We always lived in the cheapest houses she could find, moving often.
She slept on a single bed, and her room was mostly empty. She woke up around 5am everyday and read her bible. But sometimes I don’t think she even went to sleep.
She made a lot of vegetable soup.
And we ate caned spaghetti on toast.
Manners and gratitude were a hard rule no matter how basic the meal.
“Thankyou Lord for our food, bless the hands that made this” “can I please be excused from the table”
If there wasn’t enough of a treat to share between everyone she always promptly decided she wasn’t all that hungry anyway.
She sat across the table, staring at the face of blame assigned to our poverty, as she requested food grants, denied without proof of debt.
No amount of budgeting could alleviate our poverty, only her skill and strategy that people living on the breadline know well, was what kept us a float.
She had an ability to dance between having our power or phone cut off, and stretching out $5 worth of petrol over a week -All with the knowledge that it would only take one additional obstacle to throw us out on the street.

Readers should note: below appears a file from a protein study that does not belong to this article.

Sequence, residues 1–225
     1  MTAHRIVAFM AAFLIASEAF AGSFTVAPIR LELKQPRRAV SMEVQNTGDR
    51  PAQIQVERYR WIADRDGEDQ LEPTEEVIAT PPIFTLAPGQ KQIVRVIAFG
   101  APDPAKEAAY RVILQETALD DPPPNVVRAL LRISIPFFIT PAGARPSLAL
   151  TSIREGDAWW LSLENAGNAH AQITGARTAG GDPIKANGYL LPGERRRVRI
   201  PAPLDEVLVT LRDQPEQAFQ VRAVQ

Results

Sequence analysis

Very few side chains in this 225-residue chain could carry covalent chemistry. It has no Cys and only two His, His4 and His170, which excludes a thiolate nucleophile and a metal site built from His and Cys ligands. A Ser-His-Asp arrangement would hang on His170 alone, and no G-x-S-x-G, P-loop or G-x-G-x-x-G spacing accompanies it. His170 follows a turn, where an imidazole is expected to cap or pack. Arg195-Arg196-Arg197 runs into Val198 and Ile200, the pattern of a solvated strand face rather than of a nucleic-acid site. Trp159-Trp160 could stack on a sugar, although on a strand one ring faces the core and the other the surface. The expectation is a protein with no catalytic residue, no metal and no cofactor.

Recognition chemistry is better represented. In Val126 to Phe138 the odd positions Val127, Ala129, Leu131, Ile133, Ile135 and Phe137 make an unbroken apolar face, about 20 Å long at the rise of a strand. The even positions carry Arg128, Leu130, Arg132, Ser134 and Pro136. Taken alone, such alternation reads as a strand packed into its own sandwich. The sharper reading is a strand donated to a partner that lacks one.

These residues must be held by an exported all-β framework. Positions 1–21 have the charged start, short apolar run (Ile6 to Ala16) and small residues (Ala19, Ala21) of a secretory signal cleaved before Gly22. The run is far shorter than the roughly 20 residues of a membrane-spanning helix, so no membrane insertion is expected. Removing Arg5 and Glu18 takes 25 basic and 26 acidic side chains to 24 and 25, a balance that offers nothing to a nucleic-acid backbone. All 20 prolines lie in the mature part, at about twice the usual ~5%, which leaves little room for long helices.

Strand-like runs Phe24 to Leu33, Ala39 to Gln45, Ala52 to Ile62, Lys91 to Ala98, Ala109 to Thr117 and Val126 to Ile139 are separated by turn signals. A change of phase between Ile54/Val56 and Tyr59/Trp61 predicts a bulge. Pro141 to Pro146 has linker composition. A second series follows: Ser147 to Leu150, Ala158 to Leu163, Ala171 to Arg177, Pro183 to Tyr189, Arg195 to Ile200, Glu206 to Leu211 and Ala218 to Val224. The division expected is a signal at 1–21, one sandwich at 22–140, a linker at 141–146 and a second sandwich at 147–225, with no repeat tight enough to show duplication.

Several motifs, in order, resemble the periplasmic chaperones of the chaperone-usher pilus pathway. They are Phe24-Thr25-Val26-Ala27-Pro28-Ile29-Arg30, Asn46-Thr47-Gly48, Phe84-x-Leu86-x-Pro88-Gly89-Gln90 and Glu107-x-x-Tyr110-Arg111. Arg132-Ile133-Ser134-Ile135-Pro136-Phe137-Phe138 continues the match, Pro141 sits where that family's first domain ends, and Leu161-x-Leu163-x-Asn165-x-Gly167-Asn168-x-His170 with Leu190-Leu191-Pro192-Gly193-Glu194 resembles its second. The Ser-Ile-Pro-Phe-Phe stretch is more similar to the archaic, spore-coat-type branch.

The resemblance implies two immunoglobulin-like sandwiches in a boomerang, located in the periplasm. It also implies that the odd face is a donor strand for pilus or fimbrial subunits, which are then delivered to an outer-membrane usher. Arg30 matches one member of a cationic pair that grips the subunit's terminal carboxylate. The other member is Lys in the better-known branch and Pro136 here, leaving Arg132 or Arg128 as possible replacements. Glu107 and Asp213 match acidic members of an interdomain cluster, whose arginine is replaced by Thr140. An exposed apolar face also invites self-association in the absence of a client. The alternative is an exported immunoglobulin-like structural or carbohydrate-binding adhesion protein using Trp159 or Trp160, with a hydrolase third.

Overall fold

There were a few occasions where a supermarket offered their odd/stale bread buns in a large bin to the public. She sent us kids running in and out so fast scooping handfuls for our lunch.
She was embarrassed, now she can laugh at the experience, we call can.
(A blurry photo of me aged 4, my brother aged 7, and my mum taken by my older sister aged 6)
It wasn’t unusual to watch her cop the judgment from a checkout operator and the people standing in line as she put items back because the food grant stamped by WINZ wouldn’t cover it all.
She must have been so tired, but she always sat next to each of our beds sparing twenty minutes of her evening per child as she massaged our legs and arms, rubbed our backs, tickled our feet, fetched us water and prayed for our protection by the angels so that we can rest well.
She loves her children unconditionally.
She always wanted to teach. She’s a teacher now, and I watched her work hard to make that happen. Because she studied. She studied all through my development years.
She’s an artist and she illustrated her own drafts of children’s books as well has writing them. They were witty, and clever. I always wished she would get a chance to publish them one day.
She’s a musician and I watched her stand in front of her church singing and carrying the worship team, and the collection of experiences and circumstances she endured could be drowned out in every strum on her guitar for a moment of time because she was always simply thankful.
She always managed to preserve a feeling of possibility in our house.
I learned not to live in servitude to material things, because they were transient. Sometimes you can have things, and sometimes you can’t.
I learned to be hopeful. I learned to reason, negotiate, survive.
She taught me generosity.
My Mum’s skill and strategy for survival was magical and fierce.
She is my happy Father’s Day message.
I love you.